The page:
The Rover Boys at College by Edward Stratemeyer
23. The Springtime Of Life
"A fight! a fight!" came from the crowd, and soon Tom and Koswell were surrounded by a number of students and some outsiders.
The blow from the bully angered Tom greatly, and skating forward he made a pass at Koswell. But the latter ducked, and then came back at Tom with a blow that sent the fun-loving Rover into several students standing by.
"Say, Rover, look out, or Jerry Koswell will eat you up!" said one of the seniors.
"Koswell is a good scrapper," came from another.
"I gave him one lesson and I can give him another," answered Tom. "There, take that!"
He turned swiftly and rushed at Koswell. One blow after another was delivered with telling accuracy, and Koswell went flat on his back on the ice. When he got up his nose was bleeding.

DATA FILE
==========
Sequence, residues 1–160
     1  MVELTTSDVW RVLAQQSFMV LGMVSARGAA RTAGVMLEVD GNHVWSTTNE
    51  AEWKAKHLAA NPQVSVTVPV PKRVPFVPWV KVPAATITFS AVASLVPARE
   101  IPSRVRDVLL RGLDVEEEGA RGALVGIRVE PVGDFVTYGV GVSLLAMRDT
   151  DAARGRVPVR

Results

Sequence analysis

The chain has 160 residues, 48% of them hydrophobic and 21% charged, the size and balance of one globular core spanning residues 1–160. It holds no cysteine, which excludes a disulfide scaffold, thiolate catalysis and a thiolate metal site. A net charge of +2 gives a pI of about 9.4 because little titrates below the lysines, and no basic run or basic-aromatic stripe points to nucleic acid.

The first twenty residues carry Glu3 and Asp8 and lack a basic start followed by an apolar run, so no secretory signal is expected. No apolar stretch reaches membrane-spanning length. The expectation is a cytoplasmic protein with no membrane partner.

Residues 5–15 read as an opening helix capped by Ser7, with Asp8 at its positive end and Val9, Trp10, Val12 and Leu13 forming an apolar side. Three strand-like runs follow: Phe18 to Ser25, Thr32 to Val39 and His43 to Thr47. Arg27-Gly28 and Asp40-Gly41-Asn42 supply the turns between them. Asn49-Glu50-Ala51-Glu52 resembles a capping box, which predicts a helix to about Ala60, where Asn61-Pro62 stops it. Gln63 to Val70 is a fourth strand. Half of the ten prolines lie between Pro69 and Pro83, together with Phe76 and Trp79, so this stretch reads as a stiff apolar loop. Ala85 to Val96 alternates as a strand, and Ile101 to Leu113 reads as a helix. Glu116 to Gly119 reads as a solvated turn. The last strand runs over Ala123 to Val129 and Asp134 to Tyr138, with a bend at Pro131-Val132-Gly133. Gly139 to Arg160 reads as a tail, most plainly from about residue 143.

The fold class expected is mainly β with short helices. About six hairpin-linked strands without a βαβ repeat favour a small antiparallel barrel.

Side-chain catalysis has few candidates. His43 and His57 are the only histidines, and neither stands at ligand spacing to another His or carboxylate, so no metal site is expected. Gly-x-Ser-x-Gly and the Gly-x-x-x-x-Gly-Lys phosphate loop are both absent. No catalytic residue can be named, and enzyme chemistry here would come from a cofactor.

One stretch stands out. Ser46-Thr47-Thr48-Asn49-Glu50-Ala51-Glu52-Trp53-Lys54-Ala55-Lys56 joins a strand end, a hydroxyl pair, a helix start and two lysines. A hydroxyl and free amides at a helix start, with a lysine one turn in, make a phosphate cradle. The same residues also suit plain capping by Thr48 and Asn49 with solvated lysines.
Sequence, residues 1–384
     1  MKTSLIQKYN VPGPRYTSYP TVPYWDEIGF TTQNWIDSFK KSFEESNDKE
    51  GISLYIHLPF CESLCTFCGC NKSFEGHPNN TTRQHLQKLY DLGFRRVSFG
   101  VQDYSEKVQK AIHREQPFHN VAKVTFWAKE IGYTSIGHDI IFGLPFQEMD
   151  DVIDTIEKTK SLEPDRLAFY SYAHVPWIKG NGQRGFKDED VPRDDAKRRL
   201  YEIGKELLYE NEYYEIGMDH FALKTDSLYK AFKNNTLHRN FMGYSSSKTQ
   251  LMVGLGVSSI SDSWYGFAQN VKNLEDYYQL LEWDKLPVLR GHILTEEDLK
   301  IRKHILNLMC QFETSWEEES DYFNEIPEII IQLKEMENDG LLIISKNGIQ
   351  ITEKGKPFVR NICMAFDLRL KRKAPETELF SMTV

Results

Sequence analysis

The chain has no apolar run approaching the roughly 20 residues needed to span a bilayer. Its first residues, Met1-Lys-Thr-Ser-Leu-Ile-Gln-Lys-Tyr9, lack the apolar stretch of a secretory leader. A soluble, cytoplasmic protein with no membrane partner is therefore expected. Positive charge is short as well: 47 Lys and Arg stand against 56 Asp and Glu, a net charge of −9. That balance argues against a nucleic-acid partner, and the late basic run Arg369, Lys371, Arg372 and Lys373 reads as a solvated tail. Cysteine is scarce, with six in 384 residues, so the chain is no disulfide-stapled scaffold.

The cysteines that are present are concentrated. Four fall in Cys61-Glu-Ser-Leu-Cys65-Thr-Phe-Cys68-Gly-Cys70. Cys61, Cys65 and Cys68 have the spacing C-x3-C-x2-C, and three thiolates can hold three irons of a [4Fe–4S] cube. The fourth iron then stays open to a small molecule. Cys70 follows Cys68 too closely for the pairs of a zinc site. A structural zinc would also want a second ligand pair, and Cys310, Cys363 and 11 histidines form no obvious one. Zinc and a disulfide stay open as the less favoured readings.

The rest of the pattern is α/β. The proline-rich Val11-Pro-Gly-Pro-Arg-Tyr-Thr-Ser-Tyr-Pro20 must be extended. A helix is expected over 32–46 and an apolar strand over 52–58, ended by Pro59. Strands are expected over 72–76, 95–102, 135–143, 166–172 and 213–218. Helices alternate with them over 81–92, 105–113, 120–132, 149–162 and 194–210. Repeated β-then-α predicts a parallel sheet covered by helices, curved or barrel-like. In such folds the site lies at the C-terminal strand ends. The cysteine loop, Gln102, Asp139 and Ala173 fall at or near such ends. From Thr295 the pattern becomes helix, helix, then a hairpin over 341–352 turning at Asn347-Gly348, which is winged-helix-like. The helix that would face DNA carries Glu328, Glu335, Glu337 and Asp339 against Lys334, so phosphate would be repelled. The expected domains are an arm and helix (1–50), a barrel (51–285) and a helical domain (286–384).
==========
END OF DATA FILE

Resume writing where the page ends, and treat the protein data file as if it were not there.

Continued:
"I'll fix you!" he roared. "Come on to shore and take off your skates!"
"I'm willing," answered Tom recklessly. He knew fighting was against the rules of the college, but he was not going to cry quits.
The pair moved toward the shore, the crowd still surrounding them. They soon had their skates off.
"Now, Jerry, do him up brown!" came from Larkspur, who was present.
"Give him the thrashing of his life!" added Flockley, who had come up.
"He has got to spell able first, and he doesn't know the alphabet well enough to do it!" answered Tom.
"What's up?" cried a voice from the rear of the crowd, and Dick appeared, followed by Sam.
"Koswell attacked me, and wants to fight, and I am going to accommodate him," said Tom.